Here's the Ellington/Miley piece:



Just the name of this band - Myra Melford's Snowy Egret - is evocative of a particular sound. The quintet's second album - "The Other Side of Air" (Firehouse 12 Records) - also alerts the listener that the music will go in unexpected directions. Over her career that now spans nearly three full decades, the pianist and composer has created ensembles of musicians who help her shape the music. Snowy Egret consists of Ron Miles (cornet), Liberty Ellman (guitars), Stomu Takeishi (acoustic bass guitar), and Tyshawn Sorey (drums), each person a master of his instrument and sound.  Ms. Melford, with her multi-faceted compositions, gives material that explores all the different music she has studied performed, and inhabited.

Photo: ABC/Australia
If you are a long-time listener to Ms. Melford's music, I need not tell you what to expect. What amazes this listener is her ability to continually mature, to making music that sounds like on one else's yet is part of the creative music continuum.  As a player, her piano swings, whispers, thunders, caresses, pounds, and dances.  Her music is often episodic, starting with melodic or rhythmic idea, moving on to others, rarely turning back. There is the serene beauty of "Chorale" alongside the herky-jerky dance of "Motion Stop Frame" (a piece that goes from quiet to powerfully loud within seconds).  There's the "free" explorations of "Living Music" (listen to how the drums and the piano interact coming out of Ron Miles' solo!) to the emotional melody and performances of "Turn and Coda", the piece that closes the album.

Myra Melford creates music that makes one think deeply As you surrender to the myriad sounds created on any of her albums, you often enter into a universe that is welcoming yet challenging. With Snowy Egret, she works alongside musicians of equal musical status, interpreters and creators of the highest order.  Recorded in the Firehouse 12 studios in New Haven CT by Nick Lloyd (who also mixed and mastered the album), "The Other Side of Air" crackles and sparkles while opening new pathways for us to follow.

For more information, go to www.myramelford.com.

Here's the fascinating opening track:




If you go to firehouse12records.com/album/12-from-25, you'll also find "12 From 25", a recording that compiles performances from Ms. Melford's week of residency at The Stone in March of 2015.  Snowy Egret is there as well as her duos with Marty Ehrlich, Ben Goldberg, and Allison Miller, her original trio with bassist Lindsay Horner and drummer Reggie Nicholson plus several more. Clocking in at over 90 minutes, this is a fascinating overview of her career. It's well worth your attention.


While Holiday albums (for me) usually go in one ear and out the other, when  Duchess - Amy Cervini, Melissa Stylianou, and Hilary Gardner - sings, I always pay attention.  The trio's latest recorded effort, "Harmony for the Holidays" (Anzic Records), is the three ladies addition to a crowded field.  Their trademark harmonies are in place, Oded Lev-Ari's are, as usual, intelligent, and the six songs (it's an EP and only available digitally) steer away from religious themes and towards creating a warm glow and making one smile (as well as sing along).   The ladies are accompanied by their cracker-jack band - pianist Michael Cabe, guitarist Jesse Lewis, bassist Matt Aronoff, and drummer Charles Ruggero - and the results are fun all the way through.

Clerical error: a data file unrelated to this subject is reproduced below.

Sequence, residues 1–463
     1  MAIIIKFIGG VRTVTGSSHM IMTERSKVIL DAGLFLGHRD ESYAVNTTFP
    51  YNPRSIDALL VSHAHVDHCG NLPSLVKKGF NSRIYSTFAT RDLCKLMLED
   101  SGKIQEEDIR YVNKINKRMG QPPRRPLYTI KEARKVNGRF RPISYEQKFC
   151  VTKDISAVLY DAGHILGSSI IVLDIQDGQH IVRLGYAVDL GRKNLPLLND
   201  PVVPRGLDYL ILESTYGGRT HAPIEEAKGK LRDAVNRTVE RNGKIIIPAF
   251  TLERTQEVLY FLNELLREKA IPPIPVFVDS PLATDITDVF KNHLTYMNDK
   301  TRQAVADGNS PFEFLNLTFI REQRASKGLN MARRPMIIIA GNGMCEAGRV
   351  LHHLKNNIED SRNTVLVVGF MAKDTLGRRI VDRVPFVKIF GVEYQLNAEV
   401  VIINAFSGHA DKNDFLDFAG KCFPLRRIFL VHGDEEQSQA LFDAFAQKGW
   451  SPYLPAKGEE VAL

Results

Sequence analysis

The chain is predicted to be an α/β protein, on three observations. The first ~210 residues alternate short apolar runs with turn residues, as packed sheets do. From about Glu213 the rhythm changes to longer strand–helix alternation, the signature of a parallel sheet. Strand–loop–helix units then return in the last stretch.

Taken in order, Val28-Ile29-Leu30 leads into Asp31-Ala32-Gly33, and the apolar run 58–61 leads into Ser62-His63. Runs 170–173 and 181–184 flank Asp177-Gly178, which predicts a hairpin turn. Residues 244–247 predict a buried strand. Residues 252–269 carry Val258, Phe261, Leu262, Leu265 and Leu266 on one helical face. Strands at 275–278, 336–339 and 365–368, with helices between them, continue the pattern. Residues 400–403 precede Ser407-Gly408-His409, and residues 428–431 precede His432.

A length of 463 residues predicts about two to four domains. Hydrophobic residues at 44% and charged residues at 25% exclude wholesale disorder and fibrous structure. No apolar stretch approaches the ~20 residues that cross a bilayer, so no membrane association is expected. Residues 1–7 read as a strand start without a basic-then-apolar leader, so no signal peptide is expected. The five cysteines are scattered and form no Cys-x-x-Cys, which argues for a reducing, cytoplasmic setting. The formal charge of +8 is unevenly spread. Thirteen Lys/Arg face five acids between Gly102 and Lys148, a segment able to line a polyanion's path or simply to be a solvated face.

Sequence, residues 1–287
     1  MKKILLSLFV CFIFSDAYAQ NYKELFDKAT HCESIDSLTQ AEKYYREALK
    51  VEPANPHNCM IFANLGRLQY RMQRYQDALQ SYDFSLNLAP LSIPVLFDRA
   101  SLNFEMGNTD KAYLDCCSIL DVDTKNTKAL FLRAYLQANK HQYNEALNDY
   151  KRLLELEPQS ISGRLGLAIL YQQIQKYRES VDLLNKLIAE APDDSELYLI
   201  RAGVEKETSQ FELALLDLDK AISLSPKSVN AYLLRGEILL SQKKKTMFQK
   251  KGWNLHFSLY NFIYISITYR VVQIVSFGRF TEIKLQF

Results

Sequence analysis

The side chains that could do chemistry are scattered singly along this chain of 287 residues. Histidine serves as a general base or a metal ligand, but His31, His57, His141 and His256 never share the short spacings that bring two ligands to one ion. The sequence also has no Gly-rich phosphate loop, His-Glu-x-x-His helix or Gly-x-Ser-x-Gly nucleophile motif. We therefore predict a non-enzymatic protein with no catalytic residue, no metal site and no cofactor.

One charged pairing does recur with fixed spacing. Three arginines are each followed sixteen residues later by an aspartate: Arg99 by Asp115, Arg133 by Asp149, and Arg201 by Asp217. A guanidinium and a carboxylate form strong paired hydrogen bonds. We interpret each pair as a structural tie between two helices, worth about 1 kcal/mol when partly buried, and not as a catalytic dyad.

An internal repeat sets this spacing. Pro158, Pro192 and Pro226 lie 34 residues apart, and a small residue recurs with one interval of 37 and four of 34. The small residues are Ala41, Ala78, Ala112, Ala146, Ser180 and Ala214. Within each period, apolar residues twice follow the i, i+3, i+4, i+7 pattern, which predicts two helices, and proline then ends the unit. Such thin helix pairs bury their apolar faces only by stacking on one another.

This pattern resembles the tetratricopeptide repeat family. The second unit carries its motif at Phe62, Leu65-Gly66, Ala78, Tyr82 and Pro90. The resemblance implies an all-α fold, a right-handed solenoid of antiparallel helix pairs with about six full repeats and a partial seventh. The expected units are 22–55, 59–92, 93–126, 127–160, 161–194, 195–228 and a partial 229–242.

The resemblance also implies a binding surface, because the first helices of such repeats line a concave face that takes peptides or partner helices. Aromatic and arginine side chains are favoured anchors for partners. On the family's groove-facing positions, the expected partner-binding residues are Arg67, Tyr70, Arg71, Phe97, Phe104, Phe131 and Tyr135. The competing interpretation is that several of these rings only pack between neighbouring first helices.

Opening with "Christmas Island", a Lyle Moraine song made famous by the Andrew Sisters in 1946, the ladies move on to "Santa Baby" (ah yes, the tune made famous by Eartha Kitt) and then to "Silver Bells" (first recorded in 1950 by Bing Crosby and Carol Richards).  It's a real treat to hear the trio share the lead vocals and when they harmonize, especially on "....Bells", one feels calm. The mist contemporary song of the program, "A Christmas Compromise", was first recorded in 2011 by co-writer Inara George and is the story of the tug-of-war celebrating Christmas creates in a mixed marriage.  Back to the tried-and-true for Frank Loesser's bluesy "What Are You Doing New Year's Eve" and the sweet blend of voices.  The "horn" section of Anat Cohen (clarinet), Nadje Noordhuis (trumpet), and Nick Finzer (trombone) join the band for the closing "Mele Kalikimaka", a delightful eggnog of Hawaiin and New Orleans influences first made famous by Bing Crosby and those Andrew Sisters in 1950.

This is an album to keep playing on repeat throughout the Holidays. Even grumpy old writers take heart from hearing Duchess blend its voices to bring good joy for all (and nary a hint of snark).

For more information, go to www.duchesstrio.com.

Here's one of the gems:

Friday, December 14, 2018

These are a Lot of My Favorite Recordings of 2018

Like many critics/reviewers (I'm in the latter camp), I make a year-end list of my favorite recordings of the past 12 months.  Since I rarely, if ever, review an album I truly dislike (or even are lukewarm about), it's hard to keep that list at 10 or 20.  In June of this year, I remarked to a good friend that I could probably create a 2018 "Best of" list with all Big Band or large ensemble albums alone. Nonetheless, this year, I present you the entire list with spare comments. This list, unlike the one I created for the NPS Jazz Critics Poll (which was truly a Top 10 and will be published soon) is in no particular order.